Easy: we use a pencil and a piece of wood, and we fix it. No AutoCAD, no 3D Revit, no HoloLens, just a pencil. Works fine.
Of course there is a risk to it. The flexibility that you get from fixing things on the building site might be offset by the introduction of construction errors. It is exactly this disconnect between the 3D design from the office and the actual implementation on the building site, that made a multi-level car park collapse at Eindhoven Airport.
But for simple things like the windows installation in a log house we feel confident that we can fix it with a pencil.
We are so busy building houses that we hardly have any time left to show off our new projects on this website. And so for one project we showed the roof beams a few months ago, and that was it, no more time to show any progress.
Until now: house is ready, client moved in, and we were invited to his house warming party or whatever you call it these days. Nice weather, good food, friendly guests, relaxed. Nice party.
When we were young we also had house warming parties. Sometimes after the party there was hardly any house left. But that would be difficult with this house: solid logs, almost indestructable, built to last generations. And also the guests were a little more civilized than in the old days…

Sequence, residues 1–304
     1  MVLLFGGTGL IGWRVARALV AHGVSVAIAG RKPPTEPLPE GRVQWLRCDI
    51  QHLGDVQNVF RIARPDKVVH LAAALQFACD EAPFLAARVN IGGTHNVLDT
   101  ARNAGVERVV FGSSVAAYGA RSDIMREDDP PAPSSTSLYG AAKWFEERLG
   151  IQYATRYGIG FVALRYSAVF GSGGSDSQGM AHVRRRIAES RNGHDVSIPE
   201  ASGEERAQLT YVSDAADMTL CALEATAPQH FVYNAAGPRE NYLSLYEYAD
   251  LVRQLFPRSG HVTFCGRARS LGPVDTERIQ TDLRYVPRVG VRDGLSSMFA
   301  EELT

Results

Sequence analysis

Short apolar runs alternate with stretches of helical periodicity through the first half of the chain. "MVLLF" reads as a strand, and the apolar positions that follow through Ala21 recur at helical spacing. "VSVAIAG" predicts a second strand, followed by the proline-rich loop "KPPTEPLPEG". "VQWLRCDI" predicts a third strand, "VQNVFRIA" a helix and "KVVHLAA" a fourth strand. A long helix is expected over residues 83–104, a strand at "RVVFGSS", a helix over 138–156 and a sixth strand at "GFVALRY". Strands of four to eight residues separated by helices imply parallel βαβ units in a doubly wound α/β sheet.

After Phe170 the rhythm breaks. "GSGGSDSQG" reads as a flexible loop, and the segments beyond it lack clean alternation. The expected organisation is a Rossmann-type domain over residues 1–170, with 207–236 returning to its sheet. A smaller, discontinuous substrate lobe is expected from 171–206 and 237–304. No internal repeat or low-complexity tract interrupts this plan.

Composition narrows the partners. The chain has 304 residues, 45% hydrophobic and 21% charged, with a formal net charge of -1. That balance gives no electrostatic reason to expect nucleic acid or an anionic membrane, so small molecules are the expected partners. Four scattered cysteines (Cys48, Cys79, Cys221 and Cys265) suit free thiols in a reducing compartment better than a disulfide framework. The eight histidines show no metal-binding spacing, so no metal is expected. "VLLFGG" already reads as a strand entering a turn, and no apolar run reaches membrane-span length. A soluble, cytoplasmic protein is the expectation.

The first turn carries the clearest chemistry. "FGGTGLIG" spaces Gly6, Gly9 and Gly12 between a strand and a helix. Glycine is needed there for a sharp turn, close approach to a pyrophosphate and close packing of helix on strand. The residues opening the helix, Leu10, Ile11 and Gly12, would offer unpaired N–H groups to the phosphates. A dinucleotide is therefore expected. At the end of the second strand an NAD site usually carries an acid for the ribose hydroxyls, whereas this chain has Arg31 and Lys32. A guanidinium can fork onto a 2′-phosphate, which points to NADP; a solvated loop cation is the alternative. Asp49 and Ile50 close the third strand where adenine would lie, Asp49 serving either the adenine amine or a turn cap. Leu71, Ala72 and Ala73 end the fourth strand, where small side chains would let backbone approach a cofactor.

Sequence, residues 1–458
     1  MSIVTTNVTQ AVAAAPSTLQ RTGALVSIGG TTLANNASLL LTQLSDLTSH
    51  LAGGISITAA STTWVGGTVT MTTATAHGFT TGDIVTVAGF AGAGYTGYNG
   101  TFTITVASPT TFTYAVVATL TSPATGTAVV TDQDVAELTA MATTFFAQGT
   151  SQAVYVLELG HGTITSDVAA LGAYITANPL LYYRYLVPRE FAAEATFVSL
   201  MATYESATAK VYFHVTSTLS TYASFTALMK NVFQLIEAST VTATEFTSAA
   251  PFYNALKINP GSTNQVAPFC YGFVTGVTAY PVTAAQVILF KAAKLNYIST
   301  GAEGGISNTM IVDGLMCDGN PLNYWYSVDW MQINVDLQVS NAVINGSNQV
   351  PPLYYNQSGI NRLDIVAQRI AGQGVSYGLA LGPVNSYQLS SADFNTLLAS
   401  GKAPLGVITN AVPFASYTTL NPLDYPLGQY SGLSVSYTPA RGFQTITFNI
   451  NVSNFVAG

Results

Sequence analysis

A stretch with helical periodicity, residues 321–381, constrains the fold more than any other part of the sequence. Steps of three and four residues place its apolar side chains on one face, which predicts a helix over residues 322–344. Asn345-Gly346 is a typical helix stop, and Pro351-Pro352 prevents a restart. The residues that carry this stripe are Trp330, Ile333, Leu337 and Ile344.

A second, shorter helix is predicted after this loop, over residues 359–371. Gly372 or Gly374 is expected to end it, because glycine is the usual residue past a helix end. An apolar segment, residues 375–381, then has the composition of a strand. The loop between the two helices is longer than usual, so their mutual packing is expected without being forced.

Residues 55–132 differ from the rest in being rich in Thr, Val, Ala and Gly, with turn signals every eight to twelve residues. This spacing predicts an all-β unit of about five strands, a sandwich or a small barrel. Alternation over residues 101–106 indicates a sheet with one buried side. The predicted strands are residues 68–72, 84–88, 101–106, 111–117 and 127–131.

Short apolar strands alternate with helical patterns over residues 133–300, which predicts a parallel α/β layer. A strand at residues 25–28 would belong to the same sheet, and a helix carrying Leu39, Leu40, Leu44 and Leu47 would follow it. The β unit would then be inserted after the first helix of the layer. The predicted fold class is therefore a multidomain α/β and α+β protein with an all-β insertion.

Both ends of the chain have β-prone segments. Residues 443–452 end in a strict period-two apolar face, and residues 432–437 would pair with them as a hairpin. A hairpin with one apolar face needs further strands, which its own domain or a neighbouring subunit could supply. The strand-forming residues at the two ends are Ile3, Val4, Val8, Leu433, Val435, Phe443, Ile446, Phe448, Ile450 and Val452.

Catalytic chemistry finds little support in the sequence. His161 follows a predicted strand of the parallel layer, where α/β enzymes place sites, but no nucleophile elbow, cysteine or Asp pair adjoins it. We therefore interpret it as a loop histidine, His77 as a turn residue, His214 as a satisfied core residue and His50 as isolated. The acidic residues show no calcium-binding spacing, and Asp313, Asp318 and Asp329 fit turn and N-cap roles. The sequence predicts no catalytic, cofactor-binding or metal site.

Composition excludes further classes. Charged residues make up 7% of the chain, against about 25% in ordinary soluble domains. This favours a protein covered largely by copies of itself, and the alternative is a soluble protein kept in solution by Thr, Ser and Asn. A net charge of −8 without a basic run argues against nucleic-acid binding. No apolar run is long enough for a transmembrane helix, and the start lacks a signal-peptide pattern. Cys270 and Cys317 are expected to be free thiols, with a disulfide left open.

For those of you who think we are Dutch: yes we are Dutch, because that is where our company is registered and where we build many houses. And for those of you who think we are Lithuanians: yup, we’re Lithuanians too, because that is where we produce. And for those of you who think we are French: nope, we are not French. Well ok, some of our designs come from France, and we build in France quite regularly.
So maybe we are Europeans.
Here some two photos of our latest project in Saint Jean d’Aulps, in the French Alps. Photo’s are not the best quality so we will go back to take some better photos, but this house is absolute top class. Happy customers!
The house looks like a post & beam design, while the massive facade gives the impression of a traditional log home. But actually it is a modern panel house. Three levels times 100 m2 = 300 m2 total (3200 sqft approx.).